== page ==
When touched by water, the pellet activates and expresses a glowing protein, its fluorescence demonstrating that life and art can harmonize into a third and very different thing, as ready to please as to protect. Woven into lattices made of flexible natural materials promoting air and moisture flow, the pellets form striking interior design elements that could one day keep us healthy.

“We envision them as sensors,” explains Mogas-Soldevila. “They may detect pathogens, such as bacteria or viruses, or alert people to toxins inside their home. The pellets are designed to interact with air. With development, they could monitor or even clean it.”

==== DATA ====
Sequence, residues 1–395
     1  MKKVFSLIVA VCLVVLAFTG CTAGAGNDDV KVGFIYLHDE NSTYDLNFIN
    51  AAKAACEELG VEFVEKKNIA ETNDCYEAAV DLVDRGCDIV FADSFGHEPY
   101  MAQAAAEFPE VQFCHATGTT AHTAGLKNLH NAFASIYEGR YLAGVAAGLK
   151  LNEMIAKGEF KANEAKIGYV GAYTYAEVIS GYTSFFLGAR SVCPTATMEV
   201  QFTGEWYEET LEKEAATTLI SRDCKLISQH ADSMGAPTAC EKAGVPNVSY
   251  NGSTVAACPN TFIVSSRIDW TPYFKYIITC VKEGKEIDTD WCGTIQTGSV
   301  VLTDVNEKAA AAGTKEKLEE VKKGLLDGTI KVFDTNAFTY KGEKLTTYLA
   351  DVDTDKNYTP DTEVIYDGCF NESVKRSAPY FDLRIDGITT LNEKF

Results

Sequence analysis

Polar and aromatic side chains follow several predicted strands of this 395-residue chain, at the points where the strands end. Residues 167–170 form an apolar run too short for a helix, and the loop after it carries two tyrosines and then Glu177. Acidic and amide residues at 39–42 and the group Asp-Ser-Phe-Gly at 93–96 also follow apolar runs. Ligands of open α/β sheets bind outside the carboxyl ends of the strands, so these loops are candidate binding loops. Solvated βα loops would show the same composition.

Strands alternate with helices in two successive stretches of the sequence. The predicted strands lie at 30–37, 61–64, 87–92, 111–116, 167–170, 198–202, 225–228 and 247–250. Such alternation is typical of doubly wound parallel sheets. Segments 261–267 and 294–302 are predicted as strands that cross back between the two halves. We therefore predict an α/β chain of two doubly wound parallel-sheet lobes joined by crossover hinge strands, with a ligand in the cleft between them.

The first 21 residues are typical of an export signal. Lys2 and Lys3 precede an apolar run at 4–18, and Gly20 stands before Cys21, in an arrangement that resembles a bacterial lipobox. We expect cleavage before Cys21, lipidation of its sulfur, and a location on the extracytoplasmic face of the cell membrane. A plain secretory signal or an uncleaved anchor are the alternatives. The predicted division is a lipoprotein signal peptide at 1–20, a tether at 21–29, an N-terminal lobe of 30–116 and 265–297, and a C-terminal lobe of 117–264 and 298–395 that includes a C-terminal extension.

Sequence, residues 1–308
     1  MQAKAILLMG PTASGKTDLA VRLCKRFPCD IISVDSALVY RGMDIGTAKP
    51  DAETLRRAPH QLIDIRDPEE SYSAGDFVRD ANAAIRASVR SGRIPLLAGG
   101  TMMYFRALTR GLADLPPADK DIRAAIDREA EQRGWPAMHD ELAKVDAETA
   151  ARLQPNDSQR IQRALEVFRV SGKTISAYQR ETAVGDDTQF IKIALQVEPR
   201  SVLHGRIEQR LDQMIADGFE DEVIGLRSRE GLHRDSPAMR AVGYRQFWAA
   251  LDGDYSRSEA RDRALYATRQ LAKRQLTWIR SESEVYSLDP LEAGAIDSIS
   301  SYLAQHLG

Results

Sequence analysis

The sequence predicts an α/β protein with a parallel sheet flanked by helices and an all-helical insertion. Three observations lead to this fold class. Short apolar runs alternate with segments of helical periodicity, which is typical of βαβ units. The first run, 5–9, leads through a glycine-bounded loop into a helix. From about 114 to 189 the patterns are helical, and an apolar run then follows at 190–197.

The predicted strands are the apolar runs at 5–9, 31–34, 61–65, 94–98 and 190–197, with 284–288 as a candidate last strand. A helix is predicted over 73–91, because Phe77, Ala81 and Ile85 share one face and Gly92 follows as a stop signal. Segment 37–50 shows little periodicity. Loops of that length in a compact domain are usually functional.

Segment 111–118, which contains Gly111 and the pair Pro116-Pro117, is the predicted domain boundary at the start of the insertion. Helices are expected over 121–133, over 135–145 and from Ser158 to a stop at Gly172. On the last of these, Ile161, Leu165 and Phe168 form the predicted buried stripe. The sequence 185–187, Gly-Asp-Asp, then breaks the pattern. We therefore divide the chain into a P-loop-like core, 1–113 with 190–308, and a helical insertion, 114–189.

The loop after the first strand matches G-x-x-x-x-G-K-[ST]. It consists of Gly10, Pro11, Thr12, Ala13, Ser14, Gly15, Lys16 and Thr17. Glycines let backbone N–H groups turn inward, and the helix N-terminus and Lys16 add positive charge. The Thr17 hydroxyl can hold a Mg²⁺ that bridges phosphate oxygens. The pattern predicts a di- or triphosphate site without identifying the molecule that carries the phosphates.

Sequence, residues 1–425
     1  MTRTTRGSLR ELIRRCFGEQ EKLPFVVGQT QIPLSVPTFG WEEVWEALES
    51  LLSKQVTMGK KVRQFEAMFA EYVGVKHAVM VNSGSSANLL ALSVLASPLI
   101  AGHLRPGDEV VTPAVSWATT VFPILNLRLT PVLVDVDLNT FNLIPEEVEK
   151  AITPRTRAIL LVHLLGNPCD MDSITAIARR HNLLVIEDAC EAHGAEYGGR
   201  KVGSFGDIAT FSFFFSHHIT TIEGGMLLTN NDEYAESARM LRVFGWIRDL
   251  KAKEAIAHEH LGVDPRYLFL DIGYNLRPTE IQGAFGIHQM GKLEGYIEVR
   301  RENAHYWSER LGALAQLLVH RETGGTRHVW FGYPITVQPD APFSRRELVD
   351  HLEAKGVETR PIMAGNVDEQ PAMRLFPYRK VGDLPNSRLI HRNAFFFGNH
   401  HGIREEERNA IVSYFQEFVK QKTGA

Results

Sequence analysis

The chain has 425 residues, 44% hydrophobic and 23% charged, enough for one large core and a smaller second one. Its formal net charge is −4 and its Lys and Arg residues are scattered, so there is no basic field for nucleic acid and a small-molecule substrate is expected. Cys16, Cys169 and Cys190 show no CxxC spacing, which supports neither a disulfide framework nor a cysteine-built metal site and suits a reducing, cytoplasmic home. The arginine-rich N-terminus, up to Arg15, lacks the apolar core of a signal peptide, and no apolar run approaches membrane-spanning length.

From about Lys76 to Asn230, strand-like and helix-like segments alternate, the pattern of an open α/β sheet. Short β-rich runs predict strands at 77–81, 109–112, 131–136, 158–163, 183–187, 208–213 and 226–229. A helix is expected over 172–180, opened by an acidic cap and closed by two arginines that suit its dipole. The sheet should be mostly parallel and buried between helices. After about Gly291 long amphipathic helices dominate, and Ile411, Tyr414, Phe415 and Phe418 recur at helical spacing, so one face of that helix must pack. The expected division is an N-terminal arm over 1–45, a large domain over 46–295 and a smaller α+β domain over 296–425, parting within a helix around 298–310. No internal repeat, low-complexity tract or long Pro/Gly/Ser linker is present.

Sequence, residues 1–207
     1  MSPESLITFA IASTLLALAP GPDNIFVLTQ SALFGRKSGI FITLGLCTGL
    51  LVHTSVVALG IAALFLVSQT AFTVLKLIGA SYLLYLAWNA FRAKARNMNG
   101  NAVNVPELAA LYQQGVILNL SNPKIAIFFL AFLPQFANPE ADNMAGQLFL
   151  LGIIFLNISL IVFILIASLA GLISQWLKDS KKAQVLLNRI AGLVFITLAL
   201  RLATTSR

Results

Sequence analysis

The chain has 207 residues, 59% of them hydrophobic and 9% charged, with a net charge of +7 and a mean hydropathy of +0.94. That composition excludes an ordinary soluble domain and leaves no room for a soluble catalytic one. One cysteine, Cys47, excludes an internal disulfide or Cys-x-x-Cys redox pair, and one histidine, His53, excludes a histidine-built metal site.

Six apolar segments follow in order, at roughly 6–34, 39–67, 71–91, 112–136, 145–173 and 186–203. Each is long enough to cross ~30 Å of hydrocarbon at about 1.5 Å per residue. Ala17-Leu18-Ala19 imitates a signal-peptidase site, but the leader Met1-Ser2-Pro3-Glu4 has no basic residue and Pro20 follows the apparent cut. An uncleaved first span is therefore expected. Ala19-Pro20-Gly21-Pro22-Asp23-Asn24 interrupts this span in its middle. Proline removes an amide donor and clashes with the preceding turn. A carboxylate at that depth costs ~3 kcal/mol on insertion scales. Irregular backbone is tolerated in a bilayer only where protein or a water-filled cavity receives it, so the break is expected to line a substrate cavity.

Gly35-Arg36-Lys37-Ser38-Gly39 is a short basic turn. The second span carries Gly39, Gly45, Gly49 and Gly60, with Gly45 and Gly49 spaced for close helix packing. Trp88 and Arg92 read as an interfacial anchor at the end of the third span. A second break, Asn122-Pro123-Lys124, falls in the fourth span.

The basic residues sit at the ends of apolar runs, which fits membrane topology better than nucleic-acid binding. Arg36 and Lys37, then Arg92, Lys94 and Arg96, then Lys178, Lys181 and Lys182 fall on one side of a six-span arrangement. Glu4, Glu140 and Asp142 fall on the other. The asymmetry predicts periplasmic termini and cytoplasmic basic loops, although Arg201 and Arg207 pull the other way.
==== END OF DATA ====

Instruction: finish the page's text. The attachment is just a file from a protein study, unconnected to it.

For now, they glow, a triumphant first stop on the team’s roadmap to the future. The fluorescence establishes that the lab’s biomaterial manufacturing process is compatible with the leading-edge cell-free engineering that gives the pellets their life-like properties.

A rapidly expanding technology, cell-free protein expression systems allow researchers to manufacture proteins without the use of living cells.

Gabrielle Ho, Ph.D. candidate in the Department of Bioengineering and co-leader of the project, explains how the team’s design work came to be cell-free, a technique rarely explored outside of lab study or medical applications.

“Typically, we’d use living E. coli cells to make a protein,” says Ho. “E. coli is a biological workhorse, accessible and very productive. We’d introduce DNA to the cell to encourage expression of specific proteins. But this traditional method was not an option for this project. You can’t have engineered E. coli hanging on your walls.”